CHATHAM — One of the things Christie Beckley likes best about her hometown is, of course, its beaches. But with the effects of climate change already becoming clear, the Monomoy Regional High School sophomore wants Chatham to take steps to preserve those beaches in the face of sea level rise and erosion. She recently outlined her plan for the parks and recreation commission.
“It’s so important that our beaches are protected from the negative consequences of climate change, because if not, the economy of Chatham will be negatively impacted,” Beckley told the commissioners on March 23. She proposed a town surcharge on beach fees to help pay for improvements or repairs at beaches, including work to make them more resistant to rising water.
Beckley is a member of the Cape Cod Commission’s Climate Ambassador program, which includes high school students from around the Cape. Each member is required to accomplish a creative project in their community to combat or highlight the effects of climate change. In Chatham, the most pressing problems are sea level rise and the erosion that accompanies it, she said.
“These two effects both pose huge threats to Chatham’s beaches. And the impacts of climate change are already evident,” she said. Beckley pointed to the ongoing erosion on Morris Island and the retreating coastline on parts of Cape Cod Bay that have claimed houses in Eastham and Sandwich. She showed federal maps that predict the location of the shoreline in 2050, when sea level is forecast to have risen by three feet. Many beaches and properties are inundated, and some roads are cut off.
Based on newspaper headlines in recent months, “that’s not completely unrealistic,” Beckley said. She directed the commissioners to www.CapeCodCoast.org, the Cape Cod Commission’s Coastal Planner tool, which allows users to select portions of the shoreline to examine the likely effects of sea level rise as well as potential mitigation strategies.
“Climate change is only going to become worse with time, which is why now is the time to address it,” she added.
Beckley argues in favor of creating a Chatham Beach Protection Fund, receiving monies from a “climate adaptation surcharge” on beach fees. Though the amount of the surcharge is debatable, a 5 percent increase would generate around $25,000 a year, based on annual beach sticker revenues of $500,000. That would mean that daily beach passes would cost $21 instead of $20, and seasonal stickers would cost $184 instead of $175.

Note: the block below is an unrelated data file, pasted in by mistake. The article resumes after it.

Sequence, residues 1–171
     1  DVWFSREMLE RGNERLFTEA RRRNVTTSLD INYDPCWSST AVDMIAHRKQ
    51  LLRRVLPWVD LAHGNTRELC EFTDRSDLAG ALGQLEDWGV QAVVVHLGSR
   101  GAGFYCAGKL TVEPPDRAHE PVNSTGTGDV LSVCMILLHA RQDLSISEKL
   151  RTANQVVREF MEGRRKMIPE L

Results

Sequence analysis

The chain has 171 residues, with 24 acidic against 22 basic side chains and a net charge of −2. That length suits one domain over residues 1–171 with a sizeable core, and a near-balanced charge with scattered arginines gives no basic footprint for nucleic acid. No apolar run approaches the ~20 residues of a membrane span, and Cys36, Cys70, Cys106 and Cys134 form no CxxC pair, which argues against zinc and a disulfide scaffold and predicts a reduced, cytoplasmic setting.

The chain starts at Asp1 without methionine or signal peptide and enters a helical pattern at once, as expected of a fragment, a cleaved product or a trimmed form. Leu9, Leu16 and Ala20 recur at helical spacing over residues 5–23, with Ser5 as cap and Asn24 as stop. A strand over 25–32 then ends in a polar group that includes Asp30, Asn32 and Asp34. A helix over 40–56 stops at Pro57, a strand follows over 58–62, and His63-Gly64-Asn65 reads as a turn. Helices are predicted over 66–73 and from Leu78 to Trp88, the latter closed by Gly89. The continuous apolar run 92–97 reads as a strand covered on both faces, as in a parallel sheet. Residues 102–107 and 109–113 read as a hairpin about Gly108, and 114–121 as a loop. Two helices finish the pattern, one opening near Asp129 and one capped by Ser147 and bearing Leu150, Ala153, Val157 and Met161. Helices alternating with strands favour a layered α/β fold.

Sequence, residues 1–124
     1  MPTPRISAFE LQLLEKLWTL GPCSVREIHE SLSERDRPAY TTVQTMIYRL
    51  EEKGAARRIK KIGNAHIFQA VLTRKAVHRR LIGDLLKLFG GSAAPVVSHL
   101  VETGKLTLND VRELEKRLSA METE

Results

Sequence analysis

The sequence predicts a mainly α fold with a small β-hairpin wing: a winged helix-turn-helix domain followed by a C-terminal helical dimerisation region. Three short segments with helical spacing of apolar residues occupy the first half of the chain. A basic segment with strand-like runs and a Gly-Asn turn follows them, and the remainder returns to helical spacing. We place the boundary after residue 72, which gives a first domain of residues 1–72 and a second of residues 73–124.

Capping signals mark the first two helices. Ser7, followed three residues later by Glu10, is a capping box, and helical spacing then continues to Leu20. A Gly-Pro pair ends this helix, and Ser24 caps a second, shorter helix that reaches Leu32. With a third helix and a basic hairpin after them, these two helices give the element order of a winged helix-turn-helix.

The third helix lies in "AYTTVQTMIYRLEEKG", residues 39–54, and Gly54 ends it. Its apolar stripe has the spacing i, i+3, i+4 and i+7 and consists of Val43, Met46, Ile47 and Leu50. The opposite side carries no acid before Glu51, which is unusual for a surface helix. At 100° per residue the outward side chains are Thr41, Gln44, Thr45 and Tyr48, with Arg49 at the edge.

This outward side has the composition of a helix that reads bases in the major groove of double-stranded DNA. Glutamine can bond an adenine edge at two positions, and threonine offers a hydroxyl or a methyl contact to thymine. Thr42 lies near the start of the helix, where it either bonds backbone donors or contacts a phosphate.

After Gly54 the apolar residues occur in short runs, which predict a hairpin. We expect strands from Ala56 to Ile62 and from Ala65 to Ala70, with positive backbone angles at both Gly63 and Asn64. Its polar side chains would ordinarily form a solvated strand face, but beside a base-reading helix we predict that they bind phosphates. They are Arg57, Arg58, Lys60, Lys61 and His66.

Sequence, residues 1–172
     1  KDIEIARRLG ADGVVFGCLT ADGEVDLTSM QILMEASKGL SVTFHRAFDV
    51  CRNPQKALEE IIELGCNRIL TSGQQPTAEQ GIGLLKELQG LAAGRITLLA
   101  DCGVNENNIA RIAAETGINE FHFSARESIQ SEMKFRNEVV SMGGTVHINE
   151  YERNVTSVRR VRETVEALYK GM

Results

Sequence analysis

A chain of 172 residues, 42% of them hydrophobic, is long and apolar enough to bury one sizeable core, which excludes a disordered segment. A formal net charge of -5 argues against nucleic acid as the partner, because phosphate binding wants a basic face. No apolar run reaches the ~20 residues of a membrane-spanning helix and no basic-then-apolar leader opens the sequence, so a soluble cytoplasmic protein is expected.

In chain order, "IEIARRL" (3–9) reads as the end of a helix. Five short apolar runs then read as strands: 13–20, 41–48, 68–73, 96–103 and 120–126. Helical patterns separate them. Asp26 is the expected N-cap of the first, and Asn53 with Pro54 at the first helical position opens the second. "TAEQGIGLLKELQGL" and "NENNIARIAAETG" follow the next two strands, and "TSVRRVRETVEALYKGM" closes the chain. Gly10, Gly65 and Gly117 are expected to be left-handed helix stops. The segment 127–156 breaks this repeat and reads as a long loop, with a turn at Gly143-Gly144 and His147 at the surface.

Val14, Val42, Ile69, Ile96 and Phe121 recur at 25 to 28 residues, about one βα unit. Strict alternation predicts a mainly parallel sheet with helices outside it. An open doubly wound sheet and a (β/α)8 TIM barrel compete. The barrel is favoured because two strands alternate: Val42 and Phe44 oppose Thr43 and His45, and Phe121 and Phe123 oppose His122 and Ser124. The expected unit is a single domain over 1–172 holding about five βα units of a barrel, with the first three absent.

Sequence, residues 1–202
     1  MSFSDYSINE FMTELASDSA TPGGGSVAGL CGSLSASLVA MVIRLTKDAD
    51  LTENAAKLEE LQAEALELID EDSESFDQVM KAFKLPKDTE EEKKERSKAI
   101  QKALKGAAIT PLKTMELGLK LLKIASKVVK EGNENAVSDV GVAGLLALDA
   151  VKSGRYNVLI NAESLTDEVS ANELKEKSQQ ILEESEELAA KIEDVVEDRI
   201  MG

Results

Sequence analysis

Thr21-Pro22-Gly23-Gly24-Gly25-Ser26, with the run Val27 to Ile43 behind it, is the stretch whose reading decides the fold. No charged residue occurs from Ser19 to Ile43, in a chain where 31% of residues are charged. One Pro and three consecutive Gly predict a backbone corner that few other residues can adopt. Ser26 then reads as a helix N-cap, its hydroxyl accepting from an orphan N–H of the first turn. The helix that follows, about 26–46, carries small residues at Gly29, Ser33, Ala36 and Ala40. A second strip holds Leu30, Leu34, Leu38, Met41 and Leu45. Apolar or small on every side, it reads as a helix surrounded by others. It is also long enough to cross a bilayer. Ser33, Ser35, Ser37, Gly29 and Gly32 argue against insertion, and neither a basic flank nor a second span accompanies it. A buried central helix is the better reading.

“This money would be enough to start a meaningful fund that can then be administered by the parks and recreation commission,” she said.
Though the fund would be modest in size, the monies could be used to support the repair of storm damage, the removal of washed-up debris, the replanting of beach grass and dune nourishment, and salt marsh restoration efforts. The goal would be to protect the quality of the town’s beaches and their healthy ecosystems, while reducing their vulnerability to erosion and storm surges, she said.
“And also to spread awareness and educate others about the importance of addressing climate change in our community,” Beckley said. It might also be wise to install signs at area beaches to explain the climate adaptation surcharge.
“Beachgoers would be made aware that they are making a small contribution to the fund in buying their beach pass fees,” she said. “It would demonstrate to the public that the town of Chatham is being aggressive in the fight against climate change,” and could encourage other towns to do the same, Beckley said.
Commissioner Ira Seldin said he supports efforts to protect the beaches from the effects of climate change.
“It’s crucial to Chatham,” he said. But is such a surcharge legal for the town to collect?
Parks and recreation Director Dan Tobin said that the fund would need careful accounting, and there would need to be clear guidance about how the proceeds could be spent. “There’s a due process to be followed to do something like this,” he said. “But it is certainly doable.”
Commissioner David Eldredge praised Beckley for her presentation, but wondered how far the fund would go in supporting projects like dune nourishment and wetlands restoration.
“Some of that stuff’s really, really expensive,” he said. Eldredge urged Beckley to consider organizing volunteers to help with a beach cleanup and other work, “and help with costs.”
“I used 5 percent as a starting example,” Beckley said. The number might be increased or the funds might be saved over several years to contribute to more costly projects, “because I understand that all those projects can be expensive.”
While the town already pays for some such projects and can always use taxpayer revenues to support them, having a dedicated source of money would send a message, she added.
“We’re not just using the general fund. We’re so concerned about this issue that we’re establishing its own fund.”
Commissioner Dave Mallowes said the town needs to tread carefully when it comes to raising beach fees.
“If you keep raising the parking, we will start losing revenue as people go to other towns,” he said.
Seldin urged Beckley to connect with others who are working on the issue, like the Association to Preserve Cape Cod.
“Certainly you’ve hit upon a very serious issue that needs to be considered,” he said.
Tobin said that it’s too late to consider creating the fund for the upcoming beach season, since stickers and tickets have already been printed. But it could be something the commission could consider when setting fees for next year, he said.
“Let’s keep the conversation going,” commission Chair Meredith Fry said. “I think it’s a good idea. I don’t think it’s something that can’t happen in the near future.”